There is a new way to make ice cream wandering around the block. Well, it’s not technically new but it is new to me. Jeni’s Splendid Ice Cream can take the credit for this new technique. Now, what I am about to tell you might be surprising. You may want to take a seat in case you are reading while standing, or walking, or something. Jeni’s technique uses tapioca (or corn) starch, corn (or tapioca) syrup, and cream cheese. I can hardly believe I am about to write these words… I made ice cream using tapioca starch and corn syrup and I love it!
When I first opened her book
I went straight to browsing recipes, that’s when I saw the ingredient list and closed the book. I thought, what’s the point in making something homemade if you are just going to use what they use in the store?? Reading her explanation put it into perspective to me. Egg yolks are called for in ice cream recipes to thicken the cream by binding to water, but Jeni explains that this is unnecessary since the protein in milk does this. Her trick is boiling the milk and cream with enough sugar so it won’t curdle. She uses corn syrup (glucose) in her recipes for its water-binding capabilities, tapioca (or corn) starch as, what she calls, an insurance policy, and cream cheese to give the ice cream body.
I know what you may be thinking, me, Mrs. Anti-Corn
, using corn-products in my ice cream… it’s almost unthinkable. But since I can’t knock something until I try it, I gave it a shot, skeptical to say the least. However, for what it’s worth, I used organic corn syrup since I couldn’t find tapioca syrup and didn’t trust conventional corn syrup.
In the end, I was no less than impressed. That isn’t to say that ice cream that uses egg yolks (like pistachio
) is any less tasty, I actually haven’t tried them back to back to tell, but Jeni’s ice cream texture is impeccable. I’ve dealt with really crummy textured ice cream (like ricotta
) using egg yolks as well as amazingly textured ice cream (like chocolate
) but this ice cream is different. It is dense, and almost chewy, yet very smooth. It keeps its form in your mouth and doesn’t turn grainy when melting on your tongue. Like I said, I am impressed.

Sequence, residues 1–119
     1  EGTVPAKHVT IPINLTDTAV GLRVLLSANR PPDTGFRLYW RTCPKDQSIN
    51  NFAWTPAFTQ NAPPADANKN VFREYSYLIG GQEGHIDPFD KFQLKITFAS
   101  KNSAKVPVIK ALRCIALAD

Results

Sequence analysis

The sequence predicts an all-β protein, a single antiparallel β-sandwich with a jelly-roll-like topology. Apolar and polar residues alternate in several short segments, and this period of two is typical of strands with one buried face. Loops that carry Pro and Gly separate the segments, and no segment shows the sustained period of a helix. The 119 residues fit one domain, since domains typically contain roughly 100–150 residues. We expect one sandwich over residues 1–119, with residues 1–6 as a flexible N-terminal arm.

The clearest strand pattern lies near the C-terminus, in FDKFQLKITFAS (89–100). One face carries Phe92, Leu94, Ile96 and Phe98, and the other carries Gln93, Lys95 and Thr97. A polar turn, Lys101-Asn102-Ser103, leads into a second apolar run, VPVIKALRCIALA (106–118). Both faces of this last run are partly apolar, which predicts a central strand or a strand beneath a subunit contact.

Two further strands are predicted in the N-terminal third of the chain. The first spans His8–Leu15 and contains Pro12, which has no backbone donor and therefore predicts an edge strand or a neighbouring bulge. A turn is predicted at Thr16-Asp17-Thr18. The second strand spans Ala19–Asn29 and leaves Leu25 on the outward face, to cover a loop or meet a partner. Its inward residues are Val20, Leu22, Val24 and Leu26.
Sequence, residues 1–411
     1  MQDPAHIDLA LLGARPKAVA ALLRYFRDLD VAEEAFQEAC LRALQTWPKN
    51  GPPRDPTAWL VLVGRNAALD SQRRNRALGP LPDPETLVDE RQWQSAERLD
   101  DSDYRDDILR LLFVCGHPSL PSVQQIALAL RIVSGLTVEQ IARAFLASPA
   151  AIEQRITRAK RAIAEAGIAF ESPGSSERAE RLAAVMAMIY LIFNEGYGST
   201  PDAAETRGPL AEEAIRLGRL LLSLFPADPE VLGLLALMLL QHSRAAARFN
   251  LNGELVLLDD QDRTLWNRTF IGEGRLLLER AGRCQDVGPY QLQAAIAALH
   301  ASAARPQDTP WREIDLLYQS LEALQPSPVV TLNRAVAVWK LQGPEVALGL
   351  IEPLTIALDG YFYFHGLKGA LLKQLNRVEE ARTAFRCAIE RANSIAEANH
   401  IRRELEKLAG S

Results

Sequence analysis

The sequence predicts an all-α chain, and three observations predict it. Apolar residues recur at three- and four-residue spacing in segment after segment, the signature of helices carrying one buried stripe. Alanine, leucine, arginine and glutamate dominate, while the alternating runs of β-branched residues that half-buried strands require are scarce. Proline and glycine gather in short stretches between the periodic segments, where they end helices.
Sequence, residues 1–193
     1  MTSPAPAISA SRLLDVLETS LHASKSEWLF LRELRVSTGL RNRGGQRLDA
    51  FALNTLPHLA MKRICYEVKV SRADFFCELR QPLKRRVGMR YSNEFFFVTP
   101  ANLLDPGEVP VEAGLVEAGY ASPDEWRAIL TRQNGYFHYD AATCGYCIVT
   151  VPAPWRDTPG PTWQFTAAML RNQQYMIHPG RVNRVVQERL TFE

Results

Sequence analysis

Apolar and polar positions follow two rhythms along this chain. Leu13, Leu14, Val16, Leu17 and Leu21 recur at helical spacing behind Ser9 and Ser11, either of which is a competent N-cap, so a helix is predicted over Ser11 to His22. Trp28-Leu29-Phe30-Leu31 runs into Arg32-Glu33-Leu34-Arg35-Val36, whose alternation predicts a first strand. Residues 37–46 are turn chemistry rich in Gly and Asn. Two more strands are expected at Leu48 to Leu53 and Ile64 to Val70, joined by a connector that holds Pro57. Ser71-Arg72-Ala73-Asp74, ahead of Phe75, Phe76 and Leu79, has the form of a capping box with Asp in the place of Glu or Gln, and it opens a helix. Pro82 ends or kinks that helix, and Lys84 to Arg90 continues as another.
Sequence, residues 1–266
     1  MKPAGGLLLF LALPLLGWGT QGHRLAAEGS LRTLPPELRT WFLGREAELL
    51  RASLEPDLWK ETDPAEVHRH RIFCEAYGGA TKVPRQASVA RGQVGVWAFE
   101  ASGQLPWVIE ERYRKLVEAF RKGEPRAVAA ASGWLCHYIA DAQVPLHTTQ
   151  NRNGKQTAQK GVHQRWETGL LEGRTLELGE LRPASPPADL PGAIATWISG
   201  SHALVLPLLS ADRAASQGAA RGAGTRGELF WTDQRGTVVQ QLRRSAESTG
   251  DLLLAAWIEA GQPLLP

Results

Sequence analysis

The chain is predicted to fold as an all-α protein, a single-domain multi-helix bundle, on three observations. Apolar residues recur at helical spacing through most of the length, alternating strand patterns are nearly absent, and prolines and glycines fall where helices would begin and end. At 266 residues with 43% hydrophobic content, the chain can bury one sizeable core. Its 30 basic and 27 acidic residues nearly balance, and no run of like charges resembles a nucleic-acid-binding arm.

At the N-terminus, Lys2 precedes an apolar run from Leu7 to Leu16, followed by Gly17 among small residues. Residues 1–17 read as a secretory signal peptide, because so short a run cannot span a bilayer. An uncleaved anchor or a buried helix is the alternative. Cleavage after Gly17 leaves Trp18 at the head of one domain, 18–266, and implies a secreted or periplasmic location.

Another benefit of this method is it’s very easy to make. There is no risk of scrambling while trying to temper eggs and the timing is pretty exact. I did change some of the process, though. Jeni instructs to pour the hot custard into a large Ziploc bag and submerge it into an ice bath, but in my kitchen that is a recipe for disaster. So I went with my normal process of covering the bowl and placing it in the refrigerator to chill. The only problem I see with doing it that way is condensation builds up on the plastic wrap and the water could fall into the custard, maybe the ice cream rather icy. This can be prevented by letting the custard cool down a bit before covering it. Either way, I haven’t noticed any iciness to my ice cream.
I wish I could share with you every recipe I find delicious, but then I would be sharing the whole book
. Instead, I will only be sharing two recipes with you but encourage you to check out her book. Her story is so inspiring and is well worth the read if not for the recipes than for her practical tips such as covering the ice cream with parchment paper to store it in the fridge… brilliant!
So check back next week for a berry crisp ice cream recipe and a chocolate cayenne ice cream recipe. Yum!
Just to clarify, the first two pictures in this post are pictures I took of Jeni’s book. I just couldn’t resist sharing with you guys the beautiful illustrations and images contained therein, which you can get a sneak peak at on Amazon.